I was talking to my hairdresser (who is also a mother of twins) yesterday and I had an epiphany. I LIKE being so busy that I don’t have time to stop. I can’t imagine it any other way. I spent my childhood as part of a very tight family unit. My siblings and I are close in age and we did everything together. When I left home I had a job to go to every day and a series of relationships to go home to every night. Then I had my kids and I have spent the last 4.5 years spending every waking moment with them. I have developed a horrible kind of guilt over just doing nothing. When I finish my work and the house is clean, if the kids are still at kindy or they are playing together, I bounce around looking for something constructive to do. To sit down and read a book while other people are still at work feels like cheating somehow. The kids start school next year and it’s going to be the first time in my life that I have ever spent my days alone. I feel quite anxious about it.

I’ve been searching for time for so long and now it’s on the horizon and I feel like running from it.

I guess I’ll have time to blog again.

Mother’s Little Helper

I’ve always had an addictive personality. I grew up knowing it – my mother warned me. Her father was an alcoholic and a gambler. She was (and at 67, still is) a workaholic and maintains very careful control over most other aspects of her life. I have two serious addictions. One is exercise and the other is the 5 o’clock wine. Don’t misunderstand – I’m not what most people would consider an alcoholic. It’s never more than 1 or 2 wines (unless I’m out or it’s an ‘occasion’), but it’s always 1 or 2 wines. I read one of the most interesting Sunday-paper-lifestyle-magazine articles that I’ve ever come across last weekend. It was about the modern day woman’s reliance on that end of the day drink. Turns out it’s not just me and every other mother that I know.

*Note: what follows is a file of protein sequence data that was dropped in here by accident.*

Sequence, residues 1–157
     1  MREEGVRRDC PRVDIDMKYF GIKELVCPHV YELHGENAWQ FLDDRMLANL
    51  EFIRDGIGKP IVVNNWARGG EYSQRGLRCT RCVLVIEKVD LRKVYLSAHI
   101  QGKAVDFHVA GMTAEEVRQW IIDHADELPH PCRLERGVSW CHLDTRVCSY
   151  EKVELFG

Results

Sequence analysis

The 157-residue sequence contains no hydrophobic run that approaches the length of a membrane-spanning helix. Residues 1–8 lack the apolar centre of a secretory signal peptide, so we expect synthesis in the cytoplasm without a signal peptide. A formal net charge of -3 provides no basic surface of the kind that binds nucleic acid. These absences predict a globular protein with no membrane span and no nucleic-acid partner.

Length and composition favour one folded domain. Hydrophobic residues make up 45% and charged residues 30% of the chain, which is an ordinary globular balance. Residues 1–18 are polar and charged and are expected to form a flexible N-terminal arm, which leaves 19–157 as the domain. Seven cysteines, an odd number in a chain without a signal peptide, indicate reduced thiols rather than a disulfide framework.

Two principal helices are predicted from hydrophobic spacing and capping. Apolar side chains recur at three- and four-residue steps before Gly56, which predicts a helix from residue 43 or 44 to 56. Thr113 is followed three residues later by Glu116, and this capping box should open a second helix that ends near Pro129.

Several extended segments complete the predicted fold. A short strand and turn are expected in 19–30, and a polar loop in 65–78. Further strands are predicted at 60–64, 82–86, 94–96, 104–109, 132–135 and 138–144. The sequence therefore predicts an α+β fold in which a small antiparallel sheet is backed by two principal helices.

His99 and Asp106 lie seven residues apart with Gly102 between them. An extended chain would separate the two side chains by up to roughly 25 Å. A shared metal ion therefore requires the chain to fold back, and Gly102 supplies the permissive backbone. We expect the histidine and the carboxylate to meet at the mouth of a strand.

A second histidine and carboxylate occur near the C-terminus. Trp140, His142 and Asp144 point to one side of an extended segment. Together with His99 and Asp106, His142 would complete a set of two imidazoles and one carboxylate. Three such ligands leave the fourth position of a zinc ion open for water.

The glass of wine is our off switch. It signifies that the day is over. It’s the modern ‘mother’s little helper’, now that doctors won’t prescribe valium (damn them). My kids learned the word alcohol very early on. It was a bit awkward when we’d be out at a cafe and they would shout in their cute 2 year old voices “Does that have alcohol in it Mama?” Half the eyes in the place would look over with disdain, and the other half with understanding.

Every mother of preschoolers knows that it’s acceptable to have a wine on a Monday, and you only have to wait until 5pm if you’re on your own. Drinking alone comes with it’s own set of rules.

A few months back I had my 6 monthly liver function test and the results came back sub-optimal, to put it mildly. In response I decided to drink my wine with soda. That way two drinks was really only one. That lasted until I forgot to buy soda one week. It’s easy enough to ignore your liver.